Jesus used to hang with a diverse crowd, and always committed to giving his best to everyone. Jesus frequently engaged with women, which was unusual for the time, but there’s two women that, if you were to believe the biblical stories, and rumours, Jesus was one cool hombre’.

Mary Magdalene is a figure mentioned in the New Testament of the Bible. She is depicted as one of the followers of Jesus Christ and plays a significant role in the events surrounding his crucifixion. According to the Gospels, she was present at the crucifixion, standing near the cross along with a few other women. It took a while, but centuries later, according to some traditions associated her with being a repentant sinner or a prostitute, but through my research, these ideas have no basis in the biblical accounts, but I love the thought of Jesus hanging with the ladies of the night. There’s something so innocent and acceptant about that.

I thought I’d mention here that there are no writings about Jesus before he was 30, so it leaves a gaping hole in how, from a baby, he navigated through life. I’m super curious about the fact that he was a carpenter; So, who taught him the skillset? Who was his teacher, mentor, boss? I’m trying to imagine him going around people’s houses and giving quotes for jobs. How much would he charge? Would he get caught up in the bartering? Would he get good referrals? I digress.

The next lady he used to hang with was Martha of Bethany, she was commonly known as the sister of Mary and Lazarus. This is important information because there was a significant episode involving Martha in the Gospel of John (John 11:1–44). Lazarus falls ill and dies. Jesus arrives in Bethany (where Martha lived) four days after Lazarus’ death, and the story would have it that Martha expresses her faith in Jesus, stating (did she state, or was she being a little irrational in wanting to share the blame?) that if he had been present earlier, her brother would not have died. So, my man does what any man who wants to impress a woman does, he proceeds to raise Lazarus from the dead. My dude!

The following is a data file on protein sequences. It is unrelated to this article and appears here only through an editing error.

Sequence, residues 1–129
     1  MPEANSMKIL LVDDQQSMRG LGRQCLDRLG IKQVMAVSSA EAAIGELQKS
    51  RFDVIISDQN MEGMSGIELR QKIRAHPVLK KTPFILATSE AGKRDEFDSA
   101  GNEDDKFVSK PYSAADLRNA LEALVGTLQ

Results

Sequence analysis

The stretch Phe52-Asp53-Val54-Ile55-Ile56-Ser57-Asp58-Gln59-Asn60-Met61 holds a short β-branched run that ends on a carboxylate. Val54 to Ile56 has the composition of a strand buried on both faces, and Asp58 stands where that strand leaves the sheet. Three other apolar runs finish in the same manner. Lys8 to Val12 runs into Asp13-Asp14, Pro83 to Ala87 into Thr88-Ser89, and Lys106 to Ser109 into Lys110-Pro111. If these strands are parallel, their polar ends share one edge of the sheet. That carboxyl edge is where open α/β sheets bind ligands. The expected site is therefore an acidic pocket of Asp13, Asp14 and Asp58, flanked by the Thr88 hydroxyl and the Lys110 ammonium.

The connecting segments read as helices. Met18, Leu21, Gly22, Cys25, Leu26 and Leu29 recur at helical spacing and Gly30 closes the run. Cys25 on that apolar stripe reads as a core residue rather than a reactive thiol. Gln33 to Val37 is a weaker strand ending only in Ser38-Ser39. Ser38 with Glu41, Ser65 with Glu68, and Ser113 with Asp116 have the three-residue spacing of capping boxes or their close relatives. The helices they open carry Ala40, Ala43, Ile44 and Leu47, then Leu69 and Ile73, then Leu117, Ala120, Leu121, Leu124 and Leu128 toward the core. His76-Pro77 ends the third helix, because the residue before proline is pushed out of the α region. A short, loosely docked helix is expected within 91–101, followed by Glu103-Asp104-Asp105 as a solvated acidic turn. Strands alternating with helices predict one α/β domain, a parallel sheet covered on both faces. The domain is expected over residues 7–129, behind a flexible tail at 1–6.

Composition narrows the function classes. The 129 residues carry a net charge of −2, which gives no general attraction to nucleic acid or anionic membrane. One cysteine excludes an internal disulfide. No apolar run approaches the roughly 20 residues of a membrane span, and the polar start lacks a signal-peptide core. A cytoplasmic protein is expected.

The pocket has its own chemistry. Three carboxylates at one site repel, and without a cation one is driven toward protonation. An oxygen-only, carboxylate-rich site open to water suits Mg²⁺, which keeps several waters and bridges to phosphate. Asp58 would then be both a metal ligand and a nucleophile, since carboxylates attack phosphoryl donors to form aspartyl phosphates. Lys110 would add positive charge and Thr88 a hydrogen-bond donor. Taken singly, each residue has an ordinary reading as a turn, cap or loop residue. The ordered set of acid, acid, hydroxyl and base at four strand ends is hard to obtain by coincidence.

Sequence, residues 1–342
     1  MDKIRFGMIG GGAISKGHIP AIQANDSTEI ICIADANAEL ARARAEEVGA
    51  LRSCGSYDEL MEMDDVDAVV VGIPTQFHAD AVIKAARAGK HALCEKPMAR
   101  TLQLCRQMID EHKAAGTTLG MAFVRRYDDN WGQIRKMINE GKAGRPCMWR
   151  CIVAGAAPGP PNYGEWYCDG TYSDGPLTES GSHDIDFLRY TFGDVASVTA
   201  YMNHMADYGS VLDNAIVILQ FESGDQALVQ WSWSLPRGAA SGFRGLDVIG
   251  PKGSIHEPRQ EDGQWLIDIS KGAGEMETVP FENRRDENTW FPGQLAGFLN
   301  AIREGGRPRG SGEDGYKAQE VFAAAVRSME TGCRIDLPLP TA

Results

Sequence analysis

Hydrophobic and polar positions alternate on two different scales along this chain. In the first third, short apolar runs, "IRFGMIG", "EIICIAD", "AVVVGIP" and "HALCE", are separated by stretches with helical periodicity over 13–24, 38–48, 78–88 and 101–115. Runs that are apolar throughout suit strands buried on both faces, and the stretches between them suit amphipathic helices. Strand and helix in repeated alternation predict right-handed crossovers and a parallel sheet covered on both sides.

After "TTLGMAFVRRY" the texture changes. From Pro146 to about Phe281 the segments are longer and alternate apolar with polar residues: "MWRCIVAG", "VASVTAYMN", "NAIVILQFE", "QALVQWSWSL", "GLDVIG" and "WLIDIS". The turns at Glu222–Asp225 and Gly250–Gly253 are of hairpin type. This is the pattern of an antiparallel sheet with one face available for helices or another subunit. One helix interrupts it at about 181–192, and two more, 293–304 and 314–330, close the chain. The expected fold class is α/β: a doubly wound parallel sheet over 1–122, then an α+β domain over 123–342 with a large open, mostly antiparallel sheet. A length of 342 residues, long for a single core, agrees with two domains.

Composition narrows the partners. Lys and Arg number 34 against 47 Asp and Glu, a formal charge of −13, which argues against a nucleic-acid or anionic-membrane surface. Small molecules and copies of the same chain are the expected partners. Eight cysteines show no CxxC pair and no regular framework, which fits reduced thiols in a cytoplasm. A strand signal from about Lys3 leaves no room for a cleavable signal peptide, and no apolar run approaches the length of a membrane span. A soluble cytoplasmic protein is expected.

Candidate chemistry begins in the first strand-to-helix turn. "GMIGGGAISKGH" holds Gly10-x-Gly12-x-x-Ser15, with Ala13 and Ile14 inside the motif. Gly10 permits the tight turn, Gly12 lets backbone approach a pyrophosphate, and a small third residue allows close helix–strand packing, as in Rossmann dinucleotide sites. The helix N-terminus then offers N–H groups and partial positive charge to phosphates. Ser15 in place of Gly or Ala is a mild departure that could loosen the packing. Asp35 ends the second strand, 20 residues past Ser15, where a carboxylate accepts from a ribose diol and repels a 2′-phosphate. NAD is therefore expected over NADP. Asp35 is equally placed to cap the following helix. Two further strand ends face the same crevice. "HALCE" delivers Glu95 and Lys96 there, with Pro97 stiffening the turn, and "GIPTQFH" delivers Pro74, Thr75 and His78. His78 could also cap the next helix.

What about the wine story? There’s a famous painting, now residing in the Louvre, of “the wedding at cava,” painted by Paolo Veronese in 1563. In the painting, which looks like a proper drunk fest, at the front on the right (your right), you can see servants pouring wine from big stone water jars into golden amphoras (stone containers). Look up in the middle of the painting and you will see the most famous being in recorded human history, Jesus of Nazareth, sitting there with a glowing beam around his head. Next to him is his mum, Mary. Story would have it that the wine for the night had run out, and Jesus was in low key mode. He didn’t want any attention, one because it looked like a rowdy bunch that were doing a bit more than drinking, and the other reason was that he did not want to go to this wedding party, but his mum insisted. If you think about it, Jesus was around 30 at this point and his mum always faced ridicule because she always professed he was the son of God, so she always wanted to be seen with him, and should the occasion have it, Jesus can show his divine powers. This was the opportunity. With a simple order from Mary to the waiters to simply follow her son’s lead, Jesus spotted 6 big water jars in the room’s corner and he asked the servers to fill them up to the brim with water. They did just that. As the servers were filling them up, Jesus motioned to the jars and performed what I heard to be an “epiphany miracle” and the party continued with the wine flowing.

Jesus within, etched on the author's calves

We know little about Jesus. The information we have is from other people’s stories, and after he was 30. He wrote nothing down, but that hasn’t stopped us being continually mystically curious about the Son of God, and if we are to lean towards George Gurdjieff thoughts of personality and essence, then it’s clear we know little about Jesus’s personality, apart from the fact he was disproportionately kind, but we (certainly I do) get the impression, he was the epitome of essence, and faith is the cool.

That’s why Jesus is so cool, because we all have faith, which means we all have Jesus within.